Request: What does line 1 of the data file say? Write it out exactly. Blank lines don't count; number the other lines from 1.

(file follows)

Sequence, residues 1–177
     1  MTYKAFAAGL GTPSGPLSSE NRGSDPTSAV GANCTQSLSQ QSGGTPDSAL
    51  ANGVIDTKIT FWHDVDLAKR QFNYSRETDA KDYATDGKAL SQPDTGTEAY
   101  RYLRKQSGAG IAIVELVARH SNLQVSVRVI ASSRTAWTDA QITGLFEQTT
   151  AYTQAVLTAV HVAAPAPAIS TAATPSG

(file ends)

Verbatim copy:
Sequence, residues 1–177